you'll have pruned and re-grown so many branches and leaves that it won't matter.

If the temperatures are over 80°F, water every other day - if under, every 2 - 3 days.
The best method is to lift the container, and water if it is feeling light.

In a week and a half, give your plants a half-strength dose of fertilizer.


    Bookmark   September 17, 2010 at 10:02AM
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Lol, wait a minute! Why will I get aphids? I pruned and hosed off the plants. I see no signs of insects now. How would I get them if the plants remain indoors from here on out? Especially considering the fact that they (plants) were born in containers, on a roof, in the concrete jungle of south Philly! Lol, I hope I don't get aphids. I don't want to have to spray my plants down with white oil.

    Bookmark   September 17, 2010 at 5:16PM
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Great thread, I too am going to dig up and pot many thriving (shishito) pepper plants for overwintering, I invested in a 600w HPS lamp and digital ballast for a swanky closet setup with lensed hood, pandafilm reflector on closet walls, and exhaust fan into duct to cool the lamp, my question is: if no sign of aphids now why would I bare-root otherwise stable root systems when potting? Isn't less disturbance to the root system better than bare rooting? Of course if I am wrong and aphids spring up once inside due to lack of spiders and other aphid predators, I will banish the pepper pots to the garage with 2,000 lady bugs for a week before bringing them in the house :)

    Bookmark   September 23, 2010 at 2:54AM
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greenman28 NorCal 7b/8a

Hey, Robert, your set-up sounds good.
The main reason that I replace the soil is to improve drainage during the winter months.
Garden soil is fine in the garden, but it is much too fine and water-retentive for indoor containers.
Even a well-made container soil will have begun to degrade by the end of the growing season.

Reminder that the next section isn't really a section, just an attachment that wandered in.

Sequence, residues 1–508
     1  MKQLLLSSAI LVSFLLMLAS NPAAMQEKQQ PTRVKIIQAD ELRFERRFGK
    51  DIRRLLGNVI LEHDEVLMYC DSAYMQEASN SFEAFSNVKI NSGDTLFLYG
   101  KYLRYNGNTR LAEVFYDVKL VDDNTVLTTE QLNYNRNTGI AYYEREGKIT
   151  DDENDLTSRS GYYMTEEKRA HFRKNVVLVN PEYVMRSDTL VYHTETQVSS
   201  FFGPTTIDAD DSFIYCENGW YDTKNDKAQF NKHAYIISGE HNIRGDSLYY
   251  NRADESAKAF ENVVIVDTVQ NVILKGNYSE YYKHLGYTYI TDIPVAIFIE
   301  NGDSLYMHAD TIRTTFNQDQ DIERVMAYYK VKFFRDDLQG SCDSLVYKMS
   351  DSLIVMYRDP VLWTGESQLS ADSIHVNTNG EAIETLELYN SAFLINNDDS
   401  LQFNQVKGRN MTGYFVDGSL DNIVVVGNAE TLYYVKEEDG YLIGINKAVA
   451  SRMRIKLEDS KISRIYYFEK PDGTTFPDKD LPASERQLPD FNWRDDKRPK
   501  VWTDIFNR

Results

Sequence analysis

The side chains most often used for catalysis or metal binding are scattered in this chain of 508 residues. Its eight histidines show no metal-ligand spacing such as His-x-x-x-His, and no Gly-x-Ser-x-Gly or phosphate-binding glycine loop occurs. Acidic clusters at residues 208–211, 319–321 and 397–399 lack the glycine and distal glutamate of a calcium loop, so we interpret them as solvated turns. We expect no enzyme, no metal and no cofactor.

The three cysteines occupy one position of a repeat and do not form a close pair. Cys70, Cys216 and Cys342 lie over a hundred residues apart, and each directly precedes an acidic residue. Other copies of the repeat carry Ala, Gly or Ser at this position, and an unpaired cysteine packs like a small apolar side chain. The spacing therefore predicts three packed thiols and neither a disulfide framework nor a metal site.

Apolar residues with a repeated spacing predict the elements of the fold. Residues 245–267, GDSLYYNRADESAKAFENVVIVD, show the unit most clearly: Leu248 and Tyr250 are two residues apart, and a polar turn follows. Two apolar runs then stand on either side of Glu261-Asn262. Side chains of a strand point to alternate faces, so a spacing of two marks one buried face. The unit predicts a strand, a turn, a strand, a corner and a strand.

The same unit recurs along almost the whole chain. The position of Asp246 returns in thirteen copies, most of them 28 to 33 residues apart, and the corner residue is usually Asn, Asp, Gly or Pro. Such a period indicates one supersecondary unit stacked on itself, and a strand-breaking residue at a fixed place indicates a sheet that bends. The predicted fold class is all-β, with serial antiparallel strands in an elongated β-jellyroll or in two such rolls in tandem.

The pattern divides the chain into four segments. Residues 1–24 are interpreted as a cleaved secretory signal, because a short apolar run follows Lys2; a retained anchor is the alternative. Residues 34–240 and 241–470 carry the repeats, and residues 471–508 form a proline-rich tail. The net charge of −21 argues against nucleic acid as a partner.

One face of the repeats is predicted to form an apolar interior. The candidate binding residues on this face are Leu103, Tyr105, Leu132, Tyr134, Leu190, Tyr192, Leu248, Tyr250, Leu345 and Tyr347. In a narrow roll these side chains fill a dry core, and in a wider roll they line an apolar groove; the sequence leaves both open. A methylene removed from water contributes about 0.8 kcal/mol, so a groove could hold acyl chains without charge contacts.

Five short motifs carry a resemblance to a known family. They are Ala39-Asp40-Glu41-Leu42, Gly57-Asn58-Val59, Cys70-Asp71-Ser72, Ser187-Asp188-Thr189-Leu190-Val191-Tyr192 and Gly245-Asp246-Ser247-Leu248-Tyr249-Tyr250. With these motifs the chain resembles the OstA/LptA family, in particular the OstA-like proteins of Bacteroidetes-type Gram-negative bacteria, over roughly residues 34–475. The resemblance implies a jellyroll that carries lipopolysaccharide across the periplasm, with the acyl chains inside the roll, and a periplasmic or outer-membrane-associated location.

When you prune old roots, they are replaced by new juvenile roots. These roots are more
efficient at water and nutrient delivery, which really helps to keep your plant vital. By
pruning the roots and the foliage, you can keep the majority of your plants' tissues
in an active, youthful state.


    Bookmark   September 23, 2010 at 10:29AM
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Josh thanks for the quick and helpful reply, makes sense. With respect to indoor pepper container mix that is not too fine or too water retentive, I will use ProMix HP left over from my tomato containers which is sphagnum peat moss and perlite based, is that ok? And water just enough. btw the 600w HPS lamp and digital ballast set-up I recommend if one has the budget and the desire for a winter crop, the trickiest part is the reflector exhaust duct connected to a 170 cfm fan to keep the lamp cool and the peppers at 75-80 degrees.... helps to warm my house come winter :)

    Bookmark   September 23, 2010 at 11:02PM
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greenman28 NorCal 7b/8a

I'd prefer an even faster draining mix, but I've been insulted by growers at this Forum
for being too critical of peat moss mixes. So, to avoid being insulted again, I'll say that
there are some who are successful with that mix, and I wish you much luck.

I cannot in good conscience recommend it, however.


    Bookmark   September 24, 2010 at 9:44AM
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Here is a pic of a Serrano, Carribean Red and Hot Cherry Pepper from left to right.

I pruned these way down and then dug em out of the ground and trimmed up the roots a little. I used a mixture of some potting soils and pine mulch for the soil. I did this about two weeks ago and as you can see all the plants are showing new growth. I plan on prepping 4 more plants of other pepper varieties very soon. Ill have all of these plants in southwestern facing windows in my apt. as these windows get the best sunlight.

    Bookmark   September 27, 2010 at 5:46PM
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Peat moss sucks, it really, really sucks!

    Bookmark   September 27, 2010 at 9:27PM
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I got my pepper plants trimmed up and inside, in small pots, for the winter. I was wondering about 2 things...

1) They are in a window, but it does not get a lot of direct sunlight. Does it need a lot of sunlight right now, or will it be alright, assuming I just want it to stay alive for the winter months?

2) It is in a rather small pot right now; if I leave it here and transplant it out later on, will it be OK? Can it get rootbound or something and be permanently stunted?

    Bookmark   October 28, 2010 at 6:52PM
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1. I'm sure it will be fine. You will probably have to harden it off a little in the Spring, but, nothing to worry about.